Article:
Health Minister J.P. Nadda inaugurated the 3rd World Trauma Congress and said his ministry will soon come up with a National Injury Control Programme to provide trauma healthcare to accident and injury victims.
Pointing out that road traffic injuries were among the three leading causes of death of people in the 5-44 years age group, Nadda said: “Unless immediate and effective action is taken, road traffic injuries are predicted to become the fifth leading cause of death in the world, resulting in an estimated 24 lakh deaths each year.”
According to the health ministry, road injuries and deaths levy an economic cost of up to 1.5 per cent of the Gross National Product (GNP) in the low and middle income countries.
“The figure for India is close to 3 per cent of the GDP. As per the latest statistics, in India 52 persons died every hour in various accidents in 2014. The major causes of accidental deaths in India are traffic accident, drowning, poisoning and accidental fire. India has the highest road crash mortality in the world,” said Nadda.
Each year nearly 16 lakh people die globally as a result of road traffic collision – more than 3,000 deaths each day – and more than half of these people are not travelling in a car.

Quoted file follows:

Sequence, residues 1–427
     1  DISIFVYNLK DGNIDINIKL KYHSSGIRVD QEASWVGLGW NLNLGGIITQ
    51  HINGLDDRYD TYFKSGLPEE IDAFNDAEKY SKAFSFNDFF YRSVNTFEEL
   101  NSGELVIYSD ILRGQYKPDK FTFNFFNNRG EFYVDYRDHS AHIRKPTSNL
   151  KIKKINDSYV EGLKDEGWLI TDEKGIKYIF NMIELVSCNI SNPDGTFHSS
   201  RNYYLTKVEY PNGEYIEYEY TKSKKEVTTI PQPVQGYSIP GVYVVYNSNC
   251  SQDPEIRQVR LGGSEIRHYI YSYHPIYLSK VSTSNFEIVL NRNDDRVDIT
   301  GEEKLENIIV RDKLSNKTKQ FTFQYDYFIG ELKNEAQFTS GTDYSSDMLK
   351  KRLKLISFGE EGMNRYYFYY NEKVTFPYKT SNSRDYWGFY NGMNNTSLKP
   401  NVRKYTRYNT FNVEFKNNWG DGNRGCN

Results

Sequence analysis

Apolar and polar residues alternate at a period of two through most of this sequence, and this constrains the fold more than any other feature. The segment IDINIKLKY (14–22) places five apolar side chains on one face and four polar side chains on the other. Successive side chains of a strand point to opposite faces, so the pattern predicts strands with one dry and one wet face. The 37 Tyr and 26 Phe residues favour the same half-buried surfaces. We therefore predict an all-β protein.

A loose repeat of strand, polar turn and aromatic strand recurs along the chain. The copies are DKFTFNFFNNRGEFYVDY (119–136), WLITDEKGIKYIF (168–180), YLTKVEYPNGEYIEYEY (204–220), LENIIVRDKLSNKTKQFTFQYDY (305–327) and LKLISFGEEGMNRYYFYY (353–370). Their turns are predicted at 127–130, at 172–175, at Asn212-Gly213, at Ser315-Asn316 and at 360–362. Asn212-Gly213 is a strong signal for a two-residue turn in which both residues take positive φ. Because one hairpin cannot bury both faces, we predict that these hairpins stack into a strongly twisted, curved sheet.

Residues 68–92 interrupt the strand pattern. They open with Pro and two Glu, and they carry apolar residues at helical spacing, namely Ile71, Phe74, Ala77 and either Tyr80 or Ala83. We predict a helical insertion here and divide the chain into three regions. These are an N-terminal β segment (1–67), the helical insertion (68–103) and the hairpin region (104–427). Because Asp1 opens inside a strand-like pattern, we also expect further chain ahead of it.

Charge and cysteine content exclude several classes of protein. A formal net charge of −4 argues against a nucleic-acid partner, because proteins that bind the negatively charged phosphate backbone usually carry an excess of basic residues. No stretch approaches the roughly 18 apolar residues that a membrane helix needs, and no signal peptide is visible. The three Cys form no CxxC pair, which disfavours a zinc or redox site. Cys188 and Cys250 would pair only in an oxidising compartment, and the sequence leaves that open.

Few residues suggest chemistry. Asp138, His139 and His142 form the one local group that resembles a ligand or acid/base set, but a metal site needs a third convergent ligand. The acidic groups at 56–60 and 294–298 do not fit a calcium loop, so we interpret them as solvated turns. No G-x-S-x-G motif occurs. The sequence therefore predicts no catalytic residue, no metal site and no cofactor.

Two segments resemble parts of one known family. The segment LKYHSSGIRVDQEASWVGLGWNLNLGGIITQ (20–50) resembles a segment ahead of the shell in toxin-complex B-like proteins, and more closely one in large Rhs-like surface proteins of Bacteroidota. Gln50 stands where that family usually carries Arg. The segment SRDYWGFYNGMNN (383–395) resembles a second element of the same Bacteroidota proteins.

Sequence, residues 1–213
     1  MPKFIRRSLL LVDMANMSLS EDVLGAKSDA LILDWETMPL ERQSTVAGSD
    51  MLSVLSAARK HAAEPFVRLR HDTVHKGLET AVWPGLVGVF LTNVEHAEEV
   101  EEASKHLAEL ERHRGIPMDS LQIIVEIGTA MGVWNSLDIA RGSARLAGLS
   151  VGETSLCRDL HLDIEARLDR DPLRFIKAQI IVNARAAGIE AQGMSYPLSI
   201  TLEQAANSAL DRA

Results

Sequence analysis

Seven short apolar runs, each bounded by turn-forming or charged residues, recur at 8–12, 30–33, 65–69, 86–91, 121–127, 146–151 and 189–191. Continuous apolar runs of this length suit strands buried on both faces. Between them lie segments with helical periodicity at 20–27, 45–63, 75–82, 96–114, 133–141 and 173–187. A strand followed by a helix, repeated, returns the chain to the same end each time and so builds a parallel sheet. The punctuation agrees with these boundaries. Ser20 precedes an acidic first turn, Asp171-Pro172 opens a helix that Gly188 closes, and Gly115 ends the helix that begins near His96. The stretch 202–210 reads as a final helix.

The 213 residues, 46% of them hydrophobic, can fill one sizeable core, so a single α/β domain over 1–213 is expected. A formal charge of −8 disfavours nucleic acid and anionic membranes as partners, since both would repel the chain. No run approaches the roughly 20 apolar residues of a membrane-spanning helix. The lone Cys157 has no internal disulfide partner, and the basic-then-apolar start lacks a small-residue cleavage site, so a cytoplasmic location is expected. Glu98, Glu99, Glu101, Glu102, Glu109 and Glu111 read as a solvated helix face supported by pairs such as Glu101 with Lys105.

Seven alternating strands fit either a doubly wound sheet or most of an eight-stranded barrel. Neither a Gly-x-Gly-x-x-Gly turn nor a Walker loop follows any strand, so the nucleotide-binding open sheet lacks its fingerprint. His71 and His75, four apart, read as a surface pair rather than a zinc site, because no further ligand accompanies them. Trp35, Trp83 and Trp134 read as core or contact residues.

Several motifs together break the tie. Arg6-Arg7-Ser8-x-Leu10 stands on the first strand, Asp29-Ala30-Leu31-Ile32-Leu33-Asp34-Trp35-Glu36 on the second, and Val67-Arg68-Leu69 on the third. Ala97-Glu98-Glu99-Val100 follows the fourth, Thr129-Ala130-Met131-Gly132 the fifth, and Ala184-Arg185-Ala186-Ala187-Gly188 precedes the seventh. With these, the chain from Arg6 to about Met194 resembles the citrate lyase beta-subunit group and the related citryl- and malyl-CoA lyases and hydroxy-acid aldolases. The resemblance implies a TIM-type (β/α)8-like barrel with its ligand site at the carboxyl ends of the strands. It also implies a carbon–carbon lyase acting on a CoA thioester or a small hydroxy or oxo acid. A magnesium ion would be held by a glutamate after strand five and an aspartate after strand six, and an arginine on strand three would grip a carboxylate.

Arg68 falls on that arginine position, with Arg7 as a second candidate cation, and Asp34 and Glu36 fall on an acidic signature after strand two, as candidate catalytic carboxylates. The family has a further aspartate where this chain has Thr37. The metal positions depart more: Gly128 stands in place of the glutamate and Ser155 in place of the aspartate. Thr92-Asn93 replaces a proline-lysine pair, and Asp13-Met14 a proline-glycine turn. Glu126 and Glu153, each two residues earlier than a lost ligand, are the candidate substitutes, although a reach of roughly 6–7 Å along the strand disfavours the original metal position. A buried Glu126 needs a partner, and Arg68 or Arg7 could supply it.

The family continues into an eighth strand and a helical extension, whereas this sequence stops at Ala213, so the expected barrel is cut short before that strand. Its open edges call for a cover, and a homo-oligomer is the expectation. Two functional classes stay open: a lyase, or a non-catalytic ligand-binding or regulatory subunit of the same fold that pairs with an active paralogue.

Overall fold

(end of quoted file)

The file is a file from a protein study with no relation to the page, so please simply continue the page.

Nadda said among the important reasons for increasing mortality in developing countries like India was non-availability of trauma systems.
“It is a matter of pride that India is hosting the 3rd World Trauma Congress (WTC) this year,” said Nadda.
On the occasion, C.K. Mishra, Health Secretary, said that the 3rd World Congress was a call to action to all stakeholders to end all deaths due to trauma.
“Not only their effective treatment, but it is important to think about ways and means to rehabilitate the patients so that they continue to add to the productivity of their own communities and the nation as a whole,” said Mishra.